Rome and Floyd County government and law enforcement officials worked together to let drug dealers know there is zero tolerance for drug dealing, demolishing a known drug house, according to the Rome News-Tribune.
Police called the old grocery store a local opium den that became a place drug users to stay.
Brinson Askew Berry partner and Rome Assistant City Attorney Samuel Lucas filed a complaint on behalf of the City of Rome after the arrest of the owner of the property that led to the demolition.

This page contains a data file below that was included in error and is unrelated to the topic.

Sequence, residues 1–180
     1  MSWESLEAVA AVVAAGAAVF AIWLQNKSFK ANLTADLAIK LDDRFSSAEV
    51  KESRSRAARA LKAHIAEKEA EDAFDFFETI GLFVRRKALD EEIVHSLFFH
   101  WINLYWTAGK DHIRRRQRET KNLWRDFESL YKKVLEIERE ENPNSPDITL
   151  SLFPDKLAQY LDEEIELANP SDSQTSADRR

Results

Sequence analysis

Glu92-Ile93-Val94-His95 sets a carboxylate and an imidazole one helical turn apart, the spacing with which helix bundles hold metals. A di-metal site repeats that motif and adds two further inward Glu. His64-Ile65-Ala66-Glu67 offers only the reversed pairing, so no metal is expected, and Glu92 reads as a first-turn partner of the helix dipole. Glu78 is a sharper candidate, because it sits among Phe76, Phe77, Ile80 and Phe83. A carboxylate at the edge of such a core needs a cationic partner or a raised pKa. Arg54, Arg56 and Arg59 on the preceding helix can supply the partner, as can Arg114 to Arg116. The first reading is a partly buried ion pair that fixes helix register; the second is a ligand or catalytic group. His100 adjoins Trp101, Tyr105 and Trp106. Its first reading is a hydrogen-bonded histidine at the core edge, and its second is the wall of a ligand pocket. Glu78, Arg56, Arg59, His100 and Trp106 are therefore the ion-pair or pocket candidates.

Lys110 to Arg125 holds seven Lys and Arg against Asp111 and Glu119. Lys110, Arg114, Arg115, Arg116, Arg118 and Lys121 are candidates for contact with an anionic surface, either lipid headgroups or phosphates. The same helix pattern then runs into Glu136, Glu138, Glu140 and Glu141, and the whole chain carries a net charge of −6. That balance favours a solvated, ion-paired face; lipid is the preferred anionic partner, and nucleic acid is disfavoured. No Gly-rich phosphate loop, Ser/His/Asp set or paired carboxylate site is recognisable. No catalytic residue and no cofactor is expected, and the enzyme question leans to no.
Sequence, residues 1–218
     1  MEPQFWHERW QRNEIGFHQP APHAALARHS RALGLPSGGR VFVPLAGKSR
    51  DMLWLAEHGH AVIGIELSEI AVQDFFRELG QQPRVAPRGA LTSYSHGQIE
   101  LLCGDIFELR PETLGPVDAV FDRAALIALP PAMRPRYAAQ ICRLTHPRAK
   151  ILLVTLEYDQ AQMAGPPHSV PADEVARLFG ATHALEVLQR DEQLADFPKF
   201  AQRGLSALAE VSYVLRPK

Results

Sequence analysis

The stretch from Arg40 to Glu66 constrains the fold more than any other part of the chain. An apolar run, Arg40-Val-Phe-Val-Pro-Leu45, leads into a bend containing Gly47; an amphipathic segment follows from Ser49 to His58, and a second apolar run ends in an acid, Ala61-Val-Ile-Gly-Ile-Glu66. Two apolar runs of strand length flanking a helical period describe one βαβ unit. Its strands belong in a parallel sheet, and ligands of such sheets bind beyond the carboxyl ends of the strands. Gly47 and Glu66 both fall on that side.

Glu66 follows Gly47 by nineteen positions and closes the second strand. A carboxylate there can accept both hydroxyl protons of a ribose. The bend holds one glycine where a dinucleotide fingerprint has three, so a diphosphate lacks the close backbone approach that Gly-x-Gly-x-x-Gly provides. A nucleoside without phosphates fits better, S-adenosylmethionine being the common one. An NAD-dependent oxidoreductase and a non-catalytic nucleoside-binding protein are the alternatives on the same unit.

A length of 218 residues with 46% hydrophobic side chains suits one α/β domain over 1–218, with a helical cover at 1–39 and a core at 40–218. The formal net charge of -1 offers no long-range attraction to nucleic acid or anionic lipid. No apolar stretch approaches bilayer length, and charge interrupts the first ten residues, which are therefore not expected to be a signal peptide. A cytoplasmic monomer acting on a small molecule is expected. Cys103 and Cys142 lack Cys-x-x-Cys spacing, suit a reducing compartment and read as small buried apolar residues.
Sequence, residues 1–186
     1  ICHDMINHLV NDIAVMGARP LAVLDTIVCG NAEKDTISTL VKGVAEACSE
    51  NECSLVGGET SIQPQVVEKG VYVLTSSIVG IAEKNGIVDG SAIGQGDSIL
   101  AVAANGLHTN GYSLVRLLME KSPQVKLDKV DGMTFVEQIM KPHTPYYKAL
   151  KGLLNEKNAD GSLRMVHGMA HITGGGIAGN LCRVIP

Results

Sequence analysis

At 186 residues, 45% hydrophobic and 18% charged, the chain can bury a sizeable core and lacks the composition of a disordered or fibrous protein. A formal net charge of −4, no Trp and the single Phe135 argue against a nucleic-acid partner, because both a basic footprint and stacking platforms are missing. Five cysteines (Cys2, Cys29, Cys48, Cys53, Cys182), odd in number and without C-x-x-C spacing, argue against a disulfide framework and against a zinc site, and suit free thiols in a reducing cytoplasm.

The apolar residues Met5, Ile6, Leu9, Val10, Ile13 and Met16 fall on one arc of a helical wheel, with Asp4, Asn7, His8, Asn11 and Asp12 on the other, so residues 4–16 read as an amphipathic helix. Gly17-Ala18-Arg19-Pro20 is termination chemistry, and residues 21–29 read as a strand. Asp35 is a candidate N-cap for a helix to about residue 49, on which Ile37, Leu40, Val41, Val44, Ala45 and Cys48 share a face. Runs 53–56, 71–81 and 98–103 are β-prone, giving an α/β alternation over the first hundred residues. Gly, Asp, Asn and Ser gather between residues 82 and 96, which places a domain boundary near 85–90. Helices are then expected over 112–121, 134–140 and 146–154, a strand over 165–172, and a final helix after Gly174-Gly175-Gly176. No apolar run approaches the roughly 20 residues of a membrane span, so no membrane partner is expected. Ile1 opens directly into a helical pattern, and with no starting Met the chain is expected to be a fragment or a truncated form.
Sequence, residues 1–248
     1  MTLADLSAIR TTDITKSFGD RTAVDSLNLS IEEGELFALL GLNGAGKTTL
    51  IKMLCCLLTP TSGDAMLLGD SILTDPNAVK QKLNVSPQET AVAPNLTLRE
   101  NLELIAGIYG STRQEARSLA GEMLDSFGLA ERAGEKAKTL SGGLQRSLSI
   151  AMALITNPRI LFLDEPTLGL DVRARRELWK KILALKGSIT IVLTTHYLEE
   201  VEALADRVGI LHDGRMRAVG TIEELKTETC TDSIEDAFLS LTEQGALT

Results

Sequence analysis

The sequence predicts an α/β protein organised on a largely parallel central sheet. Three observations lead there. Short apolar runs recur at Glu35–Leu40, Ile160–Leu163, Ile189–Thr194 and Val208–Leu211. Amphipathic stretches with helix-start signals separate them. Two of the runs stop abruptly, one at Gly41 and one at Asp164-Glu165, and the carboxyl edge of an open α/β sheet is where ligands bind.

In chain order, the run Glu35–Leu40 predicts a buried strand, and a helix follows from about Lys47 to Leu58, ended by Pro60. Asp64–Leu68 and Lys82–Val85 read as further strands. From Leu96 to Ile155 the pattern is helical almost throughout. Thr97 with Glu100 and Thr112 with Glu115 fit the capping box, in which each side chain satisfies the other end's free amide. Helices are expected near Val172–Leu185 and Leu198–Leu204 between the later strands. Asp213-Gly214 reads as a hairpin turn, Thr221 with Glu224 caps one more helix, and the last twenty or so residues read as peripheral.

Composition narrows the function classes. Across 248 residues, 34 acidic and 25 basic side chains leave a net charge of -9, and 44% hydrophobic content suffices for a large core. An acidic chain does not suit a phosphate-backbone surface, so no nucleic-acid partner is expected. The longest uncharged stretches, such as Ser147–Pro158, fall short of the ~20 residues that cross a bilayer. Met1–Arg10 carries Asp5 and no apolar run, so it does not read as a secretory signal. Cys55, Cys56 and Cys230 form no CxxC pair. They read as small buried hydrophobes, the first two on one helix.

Law enforcement officials from across Rome and Floyd County lined up on Wheeler Street to watch as a “blight to the community” was torn down and to let drug dealers know there is zero tolerance for drug peddling.
Floyd County District Attorney Leigh Patterson told the newspaper the house was a symptom of the opioid crisis facing the nation as well as Rome.
Maj. Jeff Jones, commander of the Floyd County police investigative division, reported police and rescue personnel have administered 421 doses of naloxone to revive overdosed patients this year. Sgt. Chris Fincher, also with Floyd County police, said that since 2017 there have been 58 opioid-related deaths. The number is slowly rising on a year-by-year basis, he said.